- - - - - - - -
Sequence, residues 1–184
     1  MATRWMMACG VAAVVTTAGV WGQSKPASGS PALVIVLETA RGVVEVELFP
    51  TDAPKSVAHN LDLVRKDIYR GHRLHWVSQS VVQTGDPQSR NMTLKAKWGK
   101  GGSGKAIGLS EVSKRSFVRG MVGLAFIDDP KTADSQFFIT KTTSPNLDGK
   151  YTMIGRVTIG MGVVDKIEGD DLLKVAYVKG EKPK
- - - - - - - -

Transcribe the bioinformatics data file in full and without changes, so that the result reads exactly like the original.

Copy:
Sequence, residues 1–184
     1  MATRWMMACG VAAVVTTAGV WGQSKPASGS PALVIVLETA RGVVEVELFP
    51  TDAPKSVAHN LDLVRKDIYR GHRLHWVSQS VVQTGDPQSR NMTLKAKWGK
   101  GGSGKAIGLS EVSKRSFVRG MVGLAFIDDP KTADSQFFIT KTTSPNLDGK
   151  YTMIGRVTIG MGVVDKIEGD DLLKVAYVKG EKPK